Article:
The retiree retires at 30 years old and lives to 90, withdrawing 4% / $40000 per year

In what scenario would they run out of money?

hexdexorex

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Re: Safe withdrawal rate
« Reply #7 on: June 25, 2014, 11:27:12 AM »
Okay. Lets take a 1 million dollar retirement portfolio that is in a mixture of bonds/equities/property.

The retiree retires at 30 years old and lives to 90, withdrawing 4% / $40000 per year

In what scenario would they run out of money?

All depends on how well their portfolio does. Never if it does well enough...and up to historical standards.

matchewed

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Re: Safe withdrawal rate
« Reply #8 on: June 25, 2014, 11:28:04 AM »
Okay. Lets take a 1 million dollar retirement portfolio that is in a mixture of bonds/equities/property.

The retiree retires at 30 years old and lives to 90, withdrawing 4% / $40000 per year

In what scenario would they run out of money?

Depends on what you mean by property. You'd have to anticipate returns for that category.

Also depends on your ratio of those things. I'd recommend running it yourself. There isn't much data for 60 year retirements - see this discussion.

nereo

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Re: Safe withdrawal rate
« Reply #9 on: June 25, 2014, 11:33:44 AM »
Okay. Lets take a 1 million dollar retirement portfolio that is in a mixture of bonds/equities/property.

The retiree retires at 30 years old and lives to 90, withdrawing 4% / $40000 per year

In what scenario would they run out of money?
well... too many unknowns to give you a clear answer, but if you take fireCalc's defaults, over a 60 year period the portfolio will run out of money in 18% of the historical periods.  That's assuming 75% equities, 25% bonds.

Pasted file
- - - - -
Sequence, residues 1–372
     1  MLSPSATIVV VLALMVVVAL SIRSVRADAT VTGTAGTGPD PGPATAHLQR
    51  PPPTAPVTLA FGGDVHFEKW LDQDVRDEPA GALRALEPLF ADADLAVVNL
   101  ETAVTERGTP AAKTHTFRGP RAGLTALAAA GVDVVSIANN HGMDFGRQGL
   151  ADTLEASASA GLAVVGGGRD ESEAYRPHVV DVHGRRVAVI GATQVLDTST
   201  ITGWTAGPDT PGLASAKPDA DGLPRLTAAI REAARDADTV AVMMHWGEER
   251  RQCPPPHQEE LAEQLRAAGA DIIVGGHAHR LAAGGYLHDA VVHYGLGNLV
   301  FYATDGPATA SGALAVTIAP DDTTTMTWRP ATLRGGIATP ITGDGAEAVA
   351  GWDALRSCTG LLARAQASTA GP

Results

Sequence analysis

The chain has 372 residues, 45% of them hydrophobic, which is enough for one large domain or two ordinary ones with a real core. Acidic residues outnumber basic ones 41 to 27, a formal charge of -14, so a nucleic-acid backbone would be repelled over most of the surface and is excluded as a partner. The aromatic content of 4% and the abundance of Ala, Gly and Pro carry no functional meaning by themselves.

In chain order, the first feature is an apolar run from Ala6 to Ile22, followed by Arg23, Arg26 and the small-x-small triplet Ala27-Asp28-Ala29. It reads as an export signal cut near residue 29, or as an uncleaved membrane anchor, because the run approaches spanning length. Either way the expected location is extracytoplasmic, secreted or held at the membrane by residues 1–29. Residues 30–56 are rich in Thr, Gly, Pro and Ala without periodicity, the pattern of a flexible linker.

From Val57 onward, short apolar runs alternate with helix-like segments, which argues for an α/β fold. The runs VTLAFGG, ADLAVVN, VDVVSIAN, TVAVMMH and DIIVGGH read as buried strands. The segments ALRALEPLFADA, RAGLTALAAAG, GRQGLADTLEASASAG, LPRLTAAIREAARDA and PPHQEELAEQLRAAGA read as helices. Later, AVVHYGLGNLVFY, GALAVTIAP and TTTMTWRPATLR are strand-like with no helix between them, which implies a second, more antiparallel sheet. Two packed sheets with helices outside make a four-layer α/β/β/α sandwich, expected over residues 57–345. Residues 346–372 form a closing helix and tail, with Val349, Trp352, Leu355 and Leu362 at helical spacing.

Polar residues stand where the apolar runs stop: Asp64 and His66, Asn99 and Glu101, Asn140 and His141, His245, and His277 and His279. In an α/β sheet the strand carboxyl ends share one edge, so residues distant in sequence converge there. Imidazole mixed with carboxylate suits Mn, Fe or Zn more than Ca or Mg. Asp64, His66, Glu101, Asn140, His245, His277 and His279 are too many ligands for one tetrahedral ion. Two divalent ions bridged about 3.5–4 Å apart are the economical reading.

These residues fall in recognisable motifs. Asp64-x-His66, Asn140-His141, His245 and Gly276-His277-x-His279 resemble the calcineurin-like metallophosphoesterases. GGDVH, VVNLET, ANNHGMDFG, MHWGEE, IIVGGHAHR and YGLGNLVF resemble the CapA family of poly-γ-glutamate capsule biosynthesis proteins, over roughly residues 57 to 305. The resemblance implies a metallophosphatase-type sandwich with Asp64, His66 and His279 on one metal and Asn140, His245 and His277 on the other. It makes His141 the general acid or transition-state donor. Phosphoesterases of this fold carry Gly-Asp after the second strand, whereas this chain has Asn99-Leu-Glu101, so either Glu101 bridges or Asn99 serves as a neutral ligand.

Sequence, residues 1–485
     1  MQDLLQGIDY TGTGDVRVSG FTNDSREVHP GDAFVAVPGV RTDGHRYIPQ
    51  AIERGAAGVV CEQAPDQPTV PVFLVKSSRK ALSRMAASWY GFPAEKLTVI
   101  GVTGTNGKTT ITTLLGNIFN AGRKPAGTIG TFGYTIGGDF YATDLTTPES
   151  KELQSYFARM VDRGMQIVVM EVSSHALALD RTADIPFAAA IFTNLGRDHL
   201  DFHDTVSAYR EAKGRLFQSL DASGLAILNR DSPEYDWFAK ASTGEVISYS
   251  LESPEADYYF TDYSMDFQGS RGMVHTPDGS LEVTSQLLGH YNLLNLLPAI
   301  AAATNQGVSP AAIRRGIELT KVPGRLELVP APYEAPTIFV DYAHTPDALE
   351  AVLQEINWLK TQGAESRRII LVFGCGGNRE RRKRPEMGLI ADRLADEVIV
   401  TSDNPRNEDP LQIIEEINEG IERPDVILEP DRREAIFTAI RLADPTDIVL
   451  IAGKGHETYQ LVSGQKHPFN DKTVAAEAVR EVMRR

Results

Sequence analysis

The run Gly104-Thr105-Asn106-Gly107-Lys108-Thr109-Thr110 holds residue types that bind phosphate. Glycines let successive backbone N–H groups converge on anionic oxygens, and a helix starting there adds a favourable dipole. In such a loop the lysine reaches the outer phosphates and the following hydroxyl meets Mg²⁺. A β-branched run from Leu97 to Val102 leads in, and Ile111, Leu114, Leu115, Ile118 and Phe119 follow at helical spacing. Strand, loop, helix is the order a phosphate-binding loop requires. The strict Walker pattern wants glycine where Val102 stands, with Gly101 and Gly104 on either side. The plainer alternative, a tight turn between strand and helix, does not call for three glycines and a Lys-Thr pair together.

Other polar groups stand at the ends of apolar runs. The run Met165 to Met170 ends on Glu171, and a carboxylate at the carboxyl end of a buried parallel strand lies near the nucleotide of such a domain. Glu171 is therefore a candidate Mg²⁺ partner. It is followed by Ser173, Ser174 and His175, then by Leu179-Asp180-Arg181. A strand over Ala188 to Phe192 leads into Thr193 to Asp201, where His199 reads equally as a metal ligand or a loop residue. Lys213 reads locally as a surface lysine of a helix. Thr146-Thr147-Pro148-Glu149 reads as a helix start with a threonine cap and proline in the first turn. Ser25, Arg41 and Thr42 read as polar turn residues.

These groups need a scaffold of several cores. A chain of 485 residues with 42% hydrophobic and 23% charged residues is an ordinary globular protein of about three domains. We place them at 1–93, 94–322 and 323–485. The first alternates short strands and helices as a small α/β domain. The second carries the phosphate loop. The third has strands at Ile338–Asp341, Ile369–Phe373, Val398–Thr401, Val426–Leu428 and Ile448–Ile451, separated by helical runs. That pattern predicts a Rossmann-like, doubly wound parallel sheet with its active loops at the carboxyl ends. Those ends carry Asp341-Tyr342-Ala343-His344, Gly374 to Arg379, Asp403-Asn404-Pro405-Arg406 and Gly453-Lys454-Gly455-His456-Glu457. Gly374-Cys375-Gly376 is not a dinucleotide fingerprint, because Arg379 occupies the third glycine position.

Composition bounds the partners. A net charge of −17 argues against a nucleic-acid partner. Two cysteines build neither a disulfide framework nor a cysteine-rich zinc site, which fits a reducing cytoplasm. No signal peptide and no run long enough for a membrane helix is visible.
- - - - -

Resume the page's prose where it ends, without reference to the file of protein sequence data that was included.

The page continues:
The results will change if you change what % you have in bonds/equities, and if you include property and include money from SS when the retiree hits 62 or 65 or 70 (all 30+ years into retirement).

It's worth noting that at the 30 year mark, about 2/3 of the simulations have a much higher balance than the original $1M.
Also, as smart, thinking adults, we have the power to change things if we retire and then suddenly there is the worst economic conditions in a century.  We can cut our spending, or find temporary part time work - all of which will greatly add to our chances of success.
« Last Edit: June 25, 2014, 11:35:28 AM by nereo »

ak907

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Re: Safe withdrawal rate
« Reply #10 on: June 25, 2014, 11:47:44 AM »
This is a question I worry about constantly. If I am truly honest about the amount of money roughly foresee being needed in the future and what is a more comfortable withral rate (3-3.5%), the amount of time to retirement increases dramatically.
Question: When I try to do a variable withdrawal rate in cfiresim, it always says:

"Your Variable Spending Z-value must be numeric. Please return to the input page and input only numbers and decimal points.

Your Variable Spending Z-value must be between 0 and 1. Please return to the input page and correct the value."

even with defaults. Anyone know how to fix that?

matchewed

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Re: Safe withdrawal rate
« Reply #11 on: June 25, 2014, 11:52:25 AM »
/snip

Beetlejuice Beetlejuice Beetlejuice
« Last Edit: June 25, 2014, 12:07:46 PM by matchewed »

bo_knows

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Re: Safe withdrawal rate
« Reply #12 on: June 25, 2014, 12:06:15 PM »
This is a question I worry about constantly. If I am truly honest about the amount of money roughly foresee being needed in the future and what is a more comfortable withral rate (3-3.5%), the amount of time to retirement increases dramatically.
Question: When I try to do a variable withdrawal rate in cfiresim, it always says:

"Your Variable Spending Z-value must be numeric. Please return to the input page and input only numbers and decimal points.

Your Variable Spending Z-value must be between 0 and 1. Please return to the input page and correct the value."

even with defaults. Anyone know how to fix that?

Ahh, you know, I didn't realize I broke the old variable spending system when I added the new one.

Try www.cfiresim.com/dev/input.php for now.  I'm moving a bunch of changes to the main site tonight, but that one should tide you over.

Edit: I changed it on the main page. The new "Variable Spending" should work.  See the FAQ for a description of it.  I suggest using the Spending Floor/Ceiling values with it.
« Last Edit: June 25, 2014, 12:18:29 PM by bo_knows »